By KATHRYN FLAGG
WASHINGTON, D.C. — After weeks of pleading their case for struggling dairymen in Washington, D.C., Vermont’s Congressional delegation finally made a breakthrough Friday, when the U.S. Department of Agriculture announced that the Obama administration is taking immediate action to boost prices paid to dairy farmers.
That means that the price the federal government pays for milk and dairy products in the marketplace is set to go up for August, September and October, a price hike that the USDA estimates will increase dairy farmers’ revenue nationally by $243 million.
That’s estimated to mean a roughly $1.25 increase per hundredweight (cwt) in the price paid to farmers. Farmers are currently earning between $11 and $12 per cwt, though the price of production is typically around $18 per cwt, which means even with the temporary price boost farmers will be producing milk at a loss.
That’s been the case in Vermont since early this winter, when milk prices first crashed. In Vermont, farmers are losing roughly $100 per cow per month, and the state Department of Agriculture estimates that these low milk prices have cost the state $200 million in lost economic activity this year.
The decision to boost the “support price” the government pays for milk came two days after Vermont’s senators and a coalition of more than two dozen senators from other dairy states met with U.S. Agriculture Secretary Tom Vilsack. The USDA decision also followed last Wednesday’s first meeting of the Congressional Dairy Farmers Caucus, a bipartisan group of more than 50 members of the House, launched in part by Rep. Peter Welch, D-Vt.
Welch on Friday said that the USDA’s announcement was exciting news for Vermont’s delegation, but that the increase in support prices was only “Step one.”
“(Farmers) just can’t survive with these prices,” Welch said. “Our immediate objective was to get some short-term, emergency relief to our farmers. We’re glad we’re successful, but we know this is not a long-term solution.”
Now, he said, it’s time for lawmakers to begin focusing on fixing the dairy pricing system, which is prone to volatile swings between high and low milk prices.
He said dairy farmers right now are caught in a “perfect storm,” given bad weather this summer, low milk prices, the decreased demand for milk exports abroad and the high costs associated with producing milk.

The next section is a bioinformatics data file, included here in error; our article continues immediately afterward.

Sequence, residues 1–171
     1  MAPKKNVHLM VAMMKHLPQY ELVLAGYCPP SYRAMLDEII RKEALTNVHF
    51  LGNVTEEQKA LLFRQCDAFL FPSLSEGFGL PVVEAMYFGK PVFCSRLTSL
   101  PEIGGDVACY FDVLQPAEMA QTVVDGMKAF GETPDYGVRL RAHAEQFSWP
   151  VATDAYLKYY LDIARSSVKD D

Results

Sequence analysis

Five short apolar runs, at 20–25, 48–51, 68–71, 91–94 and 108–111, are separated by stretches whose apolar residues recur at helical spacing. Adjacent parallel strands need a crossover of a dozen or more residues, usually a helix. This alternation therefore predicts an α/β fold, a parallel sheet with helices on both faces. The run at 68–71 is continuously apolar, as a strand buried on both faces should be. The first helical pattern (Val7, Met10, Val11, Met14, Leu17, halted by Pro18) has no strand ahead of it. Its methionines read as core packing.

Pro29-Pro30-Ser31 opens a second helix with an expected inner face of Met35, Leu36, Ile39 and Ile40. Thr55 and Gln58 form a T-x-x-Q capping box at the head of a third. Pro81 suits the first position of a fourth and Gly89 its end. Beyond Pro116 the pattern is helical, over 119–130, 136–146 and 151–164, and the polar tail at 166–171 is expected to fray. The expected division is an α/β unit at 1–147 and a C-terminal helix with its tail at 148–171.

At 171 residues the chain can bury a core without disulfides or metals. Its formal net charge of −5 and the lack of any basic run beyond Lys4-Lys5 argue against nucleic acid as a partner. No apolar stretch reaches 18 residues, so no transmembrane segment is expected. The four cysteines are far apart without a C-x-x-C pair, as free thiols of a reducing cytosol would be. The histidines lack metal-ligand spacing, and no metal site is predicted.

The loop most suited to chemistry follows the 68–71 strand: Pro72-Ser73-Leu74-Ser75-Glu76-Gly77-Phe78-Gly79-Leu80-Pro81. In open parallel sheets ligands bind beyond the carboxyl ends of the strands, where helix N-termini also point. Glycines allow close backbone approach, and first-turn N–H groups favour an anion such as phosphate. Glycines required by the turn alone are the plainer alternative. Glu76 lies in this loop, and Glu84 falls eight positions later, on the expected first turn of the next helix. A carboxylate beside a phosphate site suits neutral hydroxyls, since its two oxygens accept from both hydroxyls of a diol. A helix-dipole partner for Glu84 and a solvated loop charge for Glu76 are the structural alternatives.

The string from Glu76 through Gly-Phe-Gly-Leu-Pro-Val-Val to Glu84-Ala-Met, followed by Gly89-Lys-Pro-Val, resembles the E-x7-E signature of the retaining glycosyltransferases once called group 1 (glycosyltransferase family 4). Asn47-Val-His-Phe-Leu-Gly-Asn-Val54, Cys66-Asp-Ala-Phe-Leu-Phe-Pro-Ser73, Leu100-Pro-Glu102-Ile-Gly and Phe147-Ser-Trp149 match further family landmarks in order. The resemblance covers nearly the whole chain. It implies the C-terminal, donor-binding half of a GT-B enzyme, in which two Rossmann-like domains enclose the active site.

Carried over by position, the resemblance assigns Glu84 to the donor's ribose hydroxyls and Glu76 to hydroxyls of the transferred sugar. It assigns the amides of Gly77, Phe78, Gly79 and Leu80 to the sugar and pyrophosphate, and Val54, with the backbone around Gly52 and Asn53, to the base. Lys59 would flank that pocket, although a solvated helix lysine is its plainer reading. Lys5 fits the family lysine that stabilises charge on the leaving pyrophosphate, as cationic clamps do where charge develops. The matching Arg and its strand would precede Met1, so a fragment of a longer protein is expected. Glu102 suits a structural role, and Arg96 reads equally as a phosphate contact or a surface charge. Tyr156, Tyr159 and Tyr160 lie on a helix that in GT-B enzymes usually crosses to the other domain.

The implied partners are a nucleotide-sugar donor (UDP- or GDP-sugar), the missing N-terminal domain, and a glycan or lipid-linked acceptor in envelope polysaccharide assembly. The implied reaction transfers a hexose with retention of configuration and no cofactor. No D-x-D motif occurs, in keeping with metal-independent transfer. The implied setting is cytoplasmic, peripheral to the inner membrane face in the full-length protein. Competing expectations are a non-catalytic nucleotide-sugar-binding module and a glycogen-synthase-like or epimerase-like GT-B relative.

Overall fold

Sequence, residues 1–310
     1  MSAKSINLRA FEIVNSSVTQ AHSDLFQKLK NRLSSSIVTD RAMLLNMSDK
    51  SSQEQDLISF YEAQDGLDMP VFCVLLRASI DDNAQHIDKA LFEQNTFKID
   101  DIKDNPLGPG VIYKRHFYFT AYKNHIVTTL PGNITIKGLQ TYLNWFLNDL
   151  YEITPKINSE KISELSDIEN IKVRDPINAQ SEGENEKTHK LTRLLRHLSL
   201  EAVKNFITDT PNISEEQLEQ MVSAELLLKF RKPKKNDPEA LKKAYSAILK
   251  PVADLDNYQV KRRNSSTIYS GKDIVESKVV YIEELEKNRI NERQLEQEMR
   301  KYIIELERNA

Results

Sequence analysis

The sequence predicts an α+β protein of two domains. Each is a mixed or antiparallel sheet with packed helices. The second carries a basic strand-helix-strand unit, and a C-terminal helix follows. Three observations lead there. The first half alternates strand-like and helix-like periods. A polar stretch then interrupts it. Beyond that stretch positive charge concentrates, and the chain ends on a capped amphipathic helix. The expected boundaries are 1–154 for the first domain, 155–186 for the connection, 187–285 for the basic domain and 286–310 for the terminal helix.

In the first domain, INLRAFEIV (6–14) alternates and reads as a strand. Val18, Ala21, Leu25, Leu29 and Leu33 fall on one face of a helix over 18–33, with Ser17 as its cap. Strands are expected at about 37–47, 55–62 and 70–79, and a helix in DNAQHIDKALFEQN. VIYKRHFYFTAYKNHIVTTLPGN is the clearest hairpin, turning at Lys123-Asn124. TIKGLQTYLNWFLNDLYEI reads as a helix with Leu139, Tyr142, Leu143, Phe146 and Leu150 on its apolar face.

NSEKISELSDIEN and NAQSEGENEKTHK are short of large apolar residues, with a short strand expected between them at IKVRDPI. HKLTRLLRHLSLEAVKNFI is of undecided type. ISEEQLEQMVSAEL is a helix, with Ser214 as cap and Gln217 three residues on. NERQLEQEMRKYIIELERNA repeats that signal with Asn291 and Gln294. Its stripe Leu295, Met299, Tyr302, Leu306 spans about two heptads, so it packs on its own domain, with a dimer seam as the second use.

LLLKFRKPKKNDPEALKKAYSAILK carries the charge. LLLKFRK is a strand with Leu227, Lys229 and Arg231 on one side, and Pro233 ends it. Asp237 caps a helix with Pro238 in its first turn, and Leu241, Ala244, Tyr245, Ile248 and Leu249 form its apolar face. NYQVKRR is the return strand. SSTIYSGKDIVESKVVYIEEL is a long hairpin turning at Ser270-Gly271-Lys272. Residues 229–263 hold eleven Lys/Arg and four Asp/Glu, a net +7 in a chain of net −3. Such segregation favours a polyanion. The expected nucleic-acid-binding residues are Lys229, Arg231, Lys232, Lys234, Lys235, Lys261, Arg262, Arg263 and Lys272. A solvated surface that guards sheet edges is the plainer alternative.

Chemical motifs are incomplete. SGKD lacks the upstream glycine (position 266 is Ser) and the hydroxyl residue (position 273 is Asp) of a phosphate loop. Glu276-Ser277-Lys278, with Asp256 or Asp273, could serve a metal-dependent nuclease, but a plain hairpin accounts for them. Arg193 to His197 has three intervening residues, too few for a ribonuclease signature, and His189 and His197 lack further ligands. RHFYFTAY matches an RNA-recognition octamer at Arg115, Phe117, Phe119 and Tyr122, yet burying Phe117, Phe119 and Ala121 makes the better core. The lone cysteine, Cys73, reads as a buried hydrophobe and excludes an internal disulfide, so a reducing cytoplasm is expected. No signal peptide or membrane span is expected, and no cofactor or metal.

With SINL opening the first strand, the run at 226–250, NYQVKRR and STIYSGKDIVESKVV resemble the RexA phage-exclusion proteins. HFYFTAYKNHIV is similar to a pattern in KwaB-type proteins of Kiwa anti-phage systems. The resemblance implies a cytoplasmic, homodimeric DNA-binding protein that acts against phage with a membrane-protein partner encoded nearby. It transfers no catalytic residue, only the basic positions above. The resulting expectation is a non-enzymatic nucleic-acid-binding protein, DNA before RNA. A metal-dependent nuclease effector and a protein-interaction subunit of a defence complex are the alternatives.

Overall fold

“Our farmers have never faced more serious challenges than they do now,” Welch said. “The short-term relief is going to help … (but) we’ve got to have a better pricing system.”
Meanwhile, other farmers and dairy advocates are pushing lawmakers to tackle another problem many consider to be at the root of unpredictable milk prices: an oversupply of milk on the market.
Leicester resident and former organic dairy farmer James Maroney says that, nationally, American dairy farmers produce an oversupply of roughly nine billion pounds of milk per year. Vermont dairies produce 2.6 billion pounds of milk every year.
And in Bridport, dairy farmer Marie Audet worries that the temporary price boost won’t fix a deeper problem in the dairy industry.
“Farmers agree that we want to move away from taxpayer-funded subsidies,” wrote Audet in an e-mail. “Many layers in food production need fixing, but what farmers can control is how much milk we produce. … The work done by our delegation shows incredible support to our diary industry. We, dairy farmers, need to support them in pushing (a) self-help program forward. … We need to keep our eye on fixing the real problems: empowering farmers with a tool to more closely match supply with demand.”
Prior to bumping the support price Friday, the USDA has taken additional efforts this year to relieve the dairy crisis. In March, the department transferred approximately 200 million pounds of nonfat dry milk to the USDA’s Food and Nutrition Service, a move that removed dairy inventory from an oversupplied market and also supported low-income families.
Also since March, the USDA has encouraged the export of 40 million pounds of nonfat dry milk, and has reactivated a dairy export incentive program to help make U.S. dairy products more competitive in the international market. The department is also working with the Department of State to identify foreign aid programs where dairy products can be sent.
All told, the USDA anticipates spending more than $1 billion during the 2009 fiscal year to purchase dairy products through the support price program and make payments to farmers through the Milk Income Loss Contract.